What is a postbase? Suna Akunniġun?

If you are working with  North Slope Iñupiaq Grammar,  this comes from section 3.8 on p. 49.


In Iñupiatun, a sentence is often a single word, whereas in English, a sentence is almost always made up of multiple words. They function similar to the way suffixes work in English. Multiple postbases can be added to either verb stems or nouns, which can often create super long sentences/words.

There is no limit to the number of postbases that can be added onto a word, however, rarely are there more than 5 postbases added to any word.

There are a number of rules for attaching postbases to a noun or verb.

Categories of Postbases:

  1. Noun to Noun (nn)

attached to nouns –‘º the final product remains a noun.

Example: Aquppiutaq +qpak = Aquppiutaqpak ‘big chair’

2. Noun to Verb (nv)

attached to nouns –‘º the final product is a verb stem.

Example: annuÄ¡aaq + -qaq- = annuÄ¡aaqaq- ‘to have a garment’

3. Verb to Verb (vv)

attached to verbs –‘º final product is a verb stem.

Example: NiÄ¡i- + +valliq- = NiÄ¡ivalliq- ‘to probably eat’

4. Verb to Noun (vn)

attached to verbs –‘º final product is a noun.

Example: aglak- + -un = aglaun


Assimilation Symbols for Postbases

The North Slope Iñupiaq Grammar uses punctuation symbols to indicate how postbases are assimilated. This site will use the same symbols for consistency’s sake. Use the chart linked below for more information on how the symbols work.

Assimilation Symbols

Intransitive Verbs

Remember those dreaded grammar lessons from elementary school? Remember learning about verbs? If you can conjure up memories of those times without cringing or falling asleep then you’ll remember that a verb is an action word. It conveys the core meaning of the sentence.

In Iñupiat, there are two types of verbs: transitive and intransitive. An intransitive verb doesn’t carry action from one noun directly to another. For instance, in English we have the intransitive verbs ‘talk,’ ‘smile,’ ‘arrive,’ and ‘study.’

Laura is talking.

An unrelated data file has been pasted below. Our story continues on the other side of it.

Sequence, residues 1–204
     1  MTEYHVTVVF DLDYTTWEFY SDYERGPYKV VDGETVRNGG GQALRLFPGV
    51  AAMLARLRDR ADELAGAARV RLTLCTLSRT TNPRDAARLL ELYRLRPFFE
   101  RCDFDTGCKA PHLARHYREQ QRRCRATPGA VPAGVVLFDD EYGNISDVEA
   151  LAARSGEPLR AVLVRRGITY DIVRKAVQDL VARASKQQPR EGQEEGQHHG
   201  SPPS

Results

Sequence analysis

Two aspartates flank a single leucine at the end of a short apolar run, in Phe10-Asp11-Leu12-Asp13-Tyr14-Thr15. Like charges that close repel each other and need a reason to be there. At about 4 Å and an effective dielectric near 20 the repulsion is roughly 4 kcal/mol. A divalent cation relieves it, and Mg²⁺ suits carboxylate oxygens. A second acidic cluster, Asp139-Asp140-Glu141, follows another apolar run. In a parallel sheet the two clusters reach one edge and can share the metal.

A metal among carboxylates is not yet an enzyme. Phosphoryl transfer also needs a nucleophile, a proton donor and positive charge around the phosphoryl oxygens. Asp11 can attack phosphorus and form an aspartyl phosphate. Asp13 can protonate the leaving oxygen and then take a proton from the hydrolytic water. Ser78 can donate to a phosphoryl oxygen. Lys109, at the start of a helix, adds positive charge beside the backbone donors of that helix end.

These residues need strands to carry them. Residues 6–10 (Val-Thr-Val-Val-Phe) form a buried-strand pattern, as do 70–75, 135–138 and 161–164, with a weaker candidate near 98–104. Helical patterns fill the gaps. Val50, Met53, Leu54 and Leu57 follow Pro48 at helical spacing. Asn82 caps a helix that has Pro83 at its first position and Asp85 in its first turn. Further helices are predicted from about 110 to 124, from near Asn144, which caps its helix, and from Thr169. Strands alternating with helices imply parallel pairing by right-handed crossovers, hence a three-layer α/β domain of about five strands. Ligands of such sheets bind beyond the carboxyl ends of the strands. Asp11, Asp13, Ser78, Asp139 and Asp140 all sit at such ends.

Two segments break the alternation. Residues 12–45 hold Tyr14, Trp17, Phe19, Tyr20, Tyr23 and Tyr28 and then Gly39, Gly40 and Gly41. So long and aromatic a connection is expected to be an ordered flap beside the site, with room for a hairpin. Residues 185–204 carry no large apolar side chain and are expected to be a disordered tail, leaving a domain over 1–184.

Max smiled.

The car arrived at the house.

The students are studying in the library.

These verbs do not carry/ transfer the action from the subject to anything else.


In an Iñupiat dictionary, you won’t likely find a verb in its complete form. You’ll find a verb stem. This is the base form of the verb, without any endings to make it a complete word. When speaking Iñupiatun, you cannot use a verb stem on its own. It needs an ending to make it a complete sentence. Below is the basic recipe for an intransitive sentence.

stem + ending = complete sentence.

You must take a verb in its stem form

Verb: SuraġaunEnglish Translation
uqaq-to talk
iglaŋa-to smile
tikit-to arrive
iḷisaq-to study

add the appropriate ending

Marker Number



t/ru
q
k
t
sg
du
pl
tin
sik
si
sg
du
pl
ŋa
guk
gut
sg
du
pl

In an earlier lesson, you learned about assimilation. Here is how assimilation works with verb stems and verb endings.

General Rule: If a verb stem ends in

Vowel: add an ending that begins with ‘r’. Ex. IglaÅ‹a- +ruq = IglaÅ‹aruq

Consonant: add an ending that begins with ‘t.’ Ex.  Uqaq- +tuq = Uqaqtuq

However, certain verb stems change the verb ending.

Verbs that end in ‘Ik’ or ‘Iq’ (remember that strong I), get an ending that starts with ‘s’. The ‘t’ changes to an ‘s’. Ex. SivunnIq- +tuq = SivunnIqsuq (‘He/she decided’)

and tara, there is your sentence!

Laura uqaqtuq

Max iglaŋaruaq.

Qamun tikitchuq iglumun.

Iḷisaqtuat iḷisaqtut makpiġaaqaġvik.


Practice!

Achagat

Below is the alphabet you will be using to write in Iñupiat. The easiest way to type these letters is to use the Iñupiat keyboard from languagegeek.com. Click here to download and install it onto your computer.

Introduction

Iñupiat has 24 letters: 21 consonants and 3 vowels. This alphabet is called the achagat.

a, ch, g, Ä¡, h, i, k, l, Å‚, lÌ£,  Å‚Ì£, m, n, ñ, Å‹, p, q, r, s, sr,  t, u, v,  y

Check out this video for pronunciation assistance.

Not enough pronunciation assistance? Here’s another video!


Consonants

In the Iñupiat dictionaries and grammar book that are available to you the consonants have been organized into a consonant grid.

 LabialAlveolarPalatalRetroflexVelarUvularGlottal
Stopspt -----› chkq'
Voiceless
Fricatives
ł -----›ł̣s
sr
h
Voiced Fricativesvl -----›r
y
gġ
Nasalsmn-----›ñŋ

For an explanation on the consonant grid, check out the podcast below

Module 1

Welcome to Module 1!

Whether you are an Iñupiat language teacher or a language learner, consider using this and the subsequent modules as a structure for teaching and learning.

In this unit, you will be covering the basics of Iñupiat words and you will begin to construct your own sentences. This is your first big step towards speaking Iñupiat! In these lessons, you be exposed to some linguistics terminology that may seem confusing at first. Do not be discouraged! This terminology is meant help you keep these grammatical concepts organized in your mind. If you are using The North Slope Iñupiaq Grammar, the terminology will also help you to work in tandem with this book.

Ki! Let’s get started! The following topics are covered in this Module.

1.1 Achagat: The Iñupiat Alphabet

1.2  Changing Sounds: Assimilation and Palatalization

1.3  Postbases

1.4  Intransitive Verbs